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Triller removing music from its app as label deals expire or are “reassessed”

By | Published on Monday 5 December 2022


TikTok rival Triller has started removing a load of tracks from its music libraries. Possibly because its deals with the record labels are expiring. Possibly because it owes at least some labels a stack of cash. Possibly to save some money. Possibly because Triller users aren’t really interested in all that stinky music. And possibly because of all these things.

Billboard reported on Friday that Triller was removing tracks controlled by all three majors and Merlin-allied indie labels as the video sharing app “reassessed” its music deals. That report came as Merlin confirmed to its member labels that its most recent licensing deal with Triller had expired and is yet to be renewed.

Sony Music, meanwhile, is currently locked in a legal dispute with the Triller company, it having sued in August over claims that the digital firm had a history of making late payments, and had then stopped making payments altogether earlier this year, so that millions of dollars are now owed to the music major. Requests for payment have been met with “near-total radio silence”, Sony’s lawsuit also alleged.

Billboard’s Friday report cited one major label source who reckoned that similar disputes over late payments – and millions more of unpaid royalties – were why music was now being removed from the Triller app. However, a Triller spokesperson has insisted that those claims are “false and grossly inaccurate”.

In a lengthy statement this weekend, Triller said: “The accusation that we are taking down music because of millions of unpaid royalties is simply not true. We have current active agreements with Universal Music and Warner Music, which is more than 65% of the used popular music”.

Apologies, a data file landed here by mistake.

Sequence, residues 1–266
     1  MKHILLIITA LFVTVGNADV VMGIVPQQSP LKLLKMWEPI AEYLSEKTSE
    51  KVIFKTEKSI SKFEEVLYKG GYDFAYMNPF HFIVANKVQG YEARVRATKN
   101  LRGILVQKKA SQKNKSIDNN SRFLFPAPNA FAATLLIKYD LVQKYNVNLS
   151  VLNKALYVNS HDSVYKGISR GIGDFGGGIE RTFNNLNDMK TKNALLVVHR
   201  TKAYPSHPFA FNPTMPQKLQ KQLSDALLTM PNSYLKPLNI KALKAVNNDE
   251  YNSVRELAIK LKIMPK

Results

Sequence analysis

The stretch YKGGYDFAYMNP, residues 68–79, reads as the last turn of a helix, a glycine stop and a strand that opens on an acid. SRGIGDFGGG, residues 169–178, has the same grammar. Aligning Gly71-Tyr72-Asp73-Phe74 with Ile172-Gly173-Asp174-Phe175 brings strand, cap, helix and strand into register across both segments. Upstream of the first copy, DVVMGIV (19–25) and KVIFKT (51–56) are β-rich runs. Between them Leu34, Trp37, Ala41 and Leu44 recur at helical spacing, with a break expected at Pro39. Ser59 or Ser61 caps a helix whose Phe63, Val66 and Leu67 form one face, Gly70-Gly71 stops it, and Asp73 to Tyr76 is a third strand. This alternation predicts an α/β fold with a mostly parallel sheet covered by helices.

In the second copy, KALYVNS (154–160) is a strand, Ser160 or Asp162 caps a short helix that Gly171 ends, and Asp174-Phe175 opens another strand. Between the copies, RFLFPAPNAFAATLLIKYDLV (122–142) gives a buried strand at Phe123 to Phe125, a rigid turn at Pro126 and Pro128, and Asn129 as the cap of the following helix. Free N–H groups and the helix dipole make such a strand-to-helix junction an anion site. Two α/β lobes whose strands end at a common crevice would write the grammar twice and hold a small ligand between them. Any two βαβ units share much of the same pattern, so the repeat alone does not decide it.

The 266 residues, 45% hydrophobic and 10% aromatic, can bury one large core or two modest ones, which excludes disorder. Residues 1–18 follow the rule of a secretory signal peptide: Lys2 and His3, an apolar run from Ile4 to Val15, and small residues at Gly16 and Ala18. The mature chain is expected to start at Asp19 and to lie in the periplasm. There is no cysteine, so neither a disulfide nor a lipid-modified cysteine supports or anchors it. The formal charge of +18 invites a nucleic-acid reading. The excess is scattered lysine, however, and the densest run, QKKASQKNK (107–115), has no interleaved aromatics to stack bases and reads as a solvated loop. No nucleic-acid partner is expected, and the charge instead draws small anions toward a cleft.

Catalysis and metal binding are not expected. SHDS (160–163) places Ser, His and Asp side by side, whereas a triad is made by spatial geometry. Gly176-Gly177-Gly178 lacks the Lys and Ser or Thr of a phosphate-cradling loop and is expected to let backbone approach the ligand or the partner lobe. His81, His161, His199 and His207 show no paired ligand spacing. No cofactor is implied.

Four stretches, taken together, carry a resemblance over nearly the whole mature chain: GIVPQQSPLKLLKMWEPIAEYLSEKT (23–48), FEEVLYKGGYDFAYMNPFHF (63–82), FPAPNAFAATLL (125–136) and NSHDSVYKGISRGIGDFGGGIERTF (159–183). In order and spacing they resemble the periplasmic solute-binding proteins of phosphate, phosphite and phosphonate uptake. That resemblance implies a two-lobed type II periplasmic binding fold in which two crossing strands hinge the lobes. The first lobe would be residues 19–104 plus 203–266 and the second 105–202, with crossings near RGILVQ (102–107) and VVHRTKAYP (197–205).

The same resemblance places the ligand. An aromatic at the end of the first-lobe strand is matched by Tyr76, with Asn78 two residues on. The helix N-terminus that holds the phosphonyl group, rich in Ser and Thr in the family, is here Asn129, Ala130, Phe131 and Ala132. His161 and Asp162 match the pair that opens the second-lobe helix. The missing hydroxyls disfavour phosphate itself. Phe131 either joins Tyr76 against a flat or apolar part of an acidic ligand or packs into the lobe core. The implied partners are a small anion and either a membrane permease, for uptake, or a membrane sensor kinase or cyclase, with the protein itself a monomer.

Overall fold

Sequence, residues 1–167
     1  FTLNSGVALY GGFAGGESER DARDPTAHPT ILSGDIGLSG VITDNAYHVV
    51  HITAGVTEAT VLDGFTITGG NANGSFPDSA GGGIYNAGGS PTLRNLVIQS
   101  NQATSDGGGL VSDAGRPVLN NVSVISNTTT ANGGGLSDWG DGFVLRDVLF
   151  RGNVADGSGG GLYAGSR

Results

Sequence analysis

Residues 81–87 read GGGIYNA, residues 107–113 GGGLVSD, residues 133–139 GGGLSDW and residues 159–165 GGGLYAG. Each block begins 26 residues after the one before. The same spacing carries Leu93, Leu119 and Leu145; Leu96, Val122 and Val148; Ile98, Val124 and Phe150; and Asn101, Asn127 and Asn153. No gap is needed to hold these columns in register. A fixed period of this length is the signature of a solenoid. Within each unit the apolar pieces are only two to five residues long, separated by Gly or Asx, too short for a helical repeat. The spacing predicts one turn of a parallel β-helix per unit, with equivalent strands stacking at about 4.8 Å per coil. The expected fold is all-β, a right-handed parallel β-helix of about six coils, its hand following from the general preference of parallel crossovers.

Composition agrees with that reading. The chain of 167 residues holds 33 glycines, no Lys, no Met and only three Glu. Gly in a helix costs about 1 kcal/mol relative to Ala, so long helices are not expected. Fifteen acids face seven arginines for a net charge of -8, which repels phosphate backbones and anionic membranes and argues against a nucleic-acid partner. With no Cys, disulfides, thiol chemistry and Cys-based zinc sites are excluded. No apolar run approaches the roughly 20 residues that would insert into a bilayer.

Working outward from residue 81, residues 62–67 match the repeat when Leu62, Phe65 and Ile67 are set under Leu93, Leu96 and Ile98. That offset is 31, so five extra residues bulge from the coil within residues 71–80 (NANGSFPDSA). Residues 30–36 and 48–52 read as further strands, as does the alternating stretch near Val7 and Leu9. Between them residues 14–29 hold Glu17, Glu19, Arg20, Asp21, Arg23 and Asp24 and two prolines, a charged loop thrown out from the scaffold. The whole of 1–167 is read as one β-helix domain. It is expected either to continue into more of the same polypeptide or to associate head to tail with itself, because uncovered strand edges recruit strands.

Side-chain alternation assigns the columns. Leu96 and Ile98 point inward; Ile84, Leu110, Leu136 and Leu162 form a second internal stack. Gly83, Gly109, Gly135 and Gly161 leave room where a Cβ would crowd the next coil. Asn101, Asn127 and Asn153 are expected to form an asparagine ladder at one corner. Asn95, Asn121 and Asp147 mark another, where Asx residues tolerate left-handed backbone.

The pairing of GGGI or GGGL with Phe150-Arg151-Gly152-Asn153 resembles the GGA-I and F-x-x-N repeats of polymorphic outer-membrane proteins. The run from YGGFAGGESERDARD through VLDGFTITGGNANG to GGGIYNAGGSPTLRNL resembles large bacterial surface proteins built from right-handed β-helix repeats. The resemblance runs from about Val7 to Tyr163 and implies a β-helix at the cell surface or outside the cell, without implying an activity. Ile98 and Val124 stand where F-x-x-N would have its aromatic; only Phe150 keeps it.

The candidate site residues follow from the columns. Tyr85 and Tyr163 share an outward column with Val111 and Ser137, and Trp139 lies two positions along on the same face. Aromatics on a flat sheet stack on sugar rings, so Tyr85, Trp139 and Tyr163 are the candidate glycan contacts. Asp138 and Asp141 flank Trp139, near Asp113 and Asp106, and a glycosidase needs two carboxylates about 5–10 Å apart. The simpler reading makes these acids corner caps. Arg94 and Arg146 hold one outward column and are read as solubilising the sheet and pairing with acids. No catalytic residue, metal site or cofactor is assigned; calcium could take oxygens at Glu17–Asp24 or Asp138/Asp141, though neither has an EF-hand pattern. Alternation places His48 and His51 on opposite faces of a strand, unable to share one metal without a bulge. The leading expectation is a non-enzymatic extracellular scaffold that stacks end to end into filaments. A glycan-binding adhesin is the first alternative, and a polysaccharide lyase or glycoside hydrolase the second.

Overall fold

“Of the three major labels”, it added, “Sony Music is the only one we do not have a current agreement with and haven’t renewed. We have a dispute with Sony over $2 million, a dispute which will be decided in the court system”.

Meanwhile, the statement went on, music is mainly being removed from the Triller app because its data suggests users don’t want to insert those tracks into their videos, preferring to create their own soundtracks, or to lift audio from the videos of other Triller creators via the ‘OG sounds’ function.

“We can confirm we assessed the app usage and a very small percentage of our users use the major label music as most of our users enjoy to make their own content with OG sounds and to upload on their own. Most of Merlin’s music is indie rock and dance; both genres which [have] a lower interest on the Triller app. It therefore makes no sense for Triller to continue spending tens of millions of dollars a year for music virtually no one uses on Triller”.

And without having to shell out all that money to the music industry, the statement explained, the Triller company will make more profit, making the whole venture more desirable to investors as it proceeds with its planned IPO.

Which is true. If Triller users really aren’t interested in using commercially released music in their videos. Though creators on other short-form video apps clearly are interested in using commercially released music in their videos. But maybe the Trillerers – is that what we call them? – are a totally different breed of video-makers.

Triller’s statement also talked about how it is seeking to rework its music industry licensing deals so that they are revenue share based rather than lump sum arrangements.

On one level, that actually fits with the music industry’s own agenda. Record labels and music publishers – which have often done lump sum deals with short-form video apps, where they get a fixed payment for each licensing period – are seeking to evolve those deals into revenue share arrangements, where music companies get a cut of each digital firm’s ad income.

That said, that arrangement only really works for the labels and publishers when there’s a decent amount of revenue in which to share. And even with revenue share deals – which are the norm with Spotify-style services – labels and publishers often still push for upfront advances which are recoupable over a fixed time period. Because, you know, who doesn’t love an advance?

But Triller remains confident that it can negotiate deals that work for the music industry, for its creators, and for its future shareholders. Providing no luddites over there at the labels and publishers fuck things up.

“Our approach and value proposition is not business-as-usual”, its statement concluded. “We strive to work with all players in the creator ecosystem with fair and transparent economics, which certainly upsets the apple cart of those who are part of the current ecosystem. This is not the first label we will have to battle with given the way the current model works, and [it certainly won’t be the] last. Big change causes big ripples. We are confident at we are on the right side of history”.

Yeah, maybe.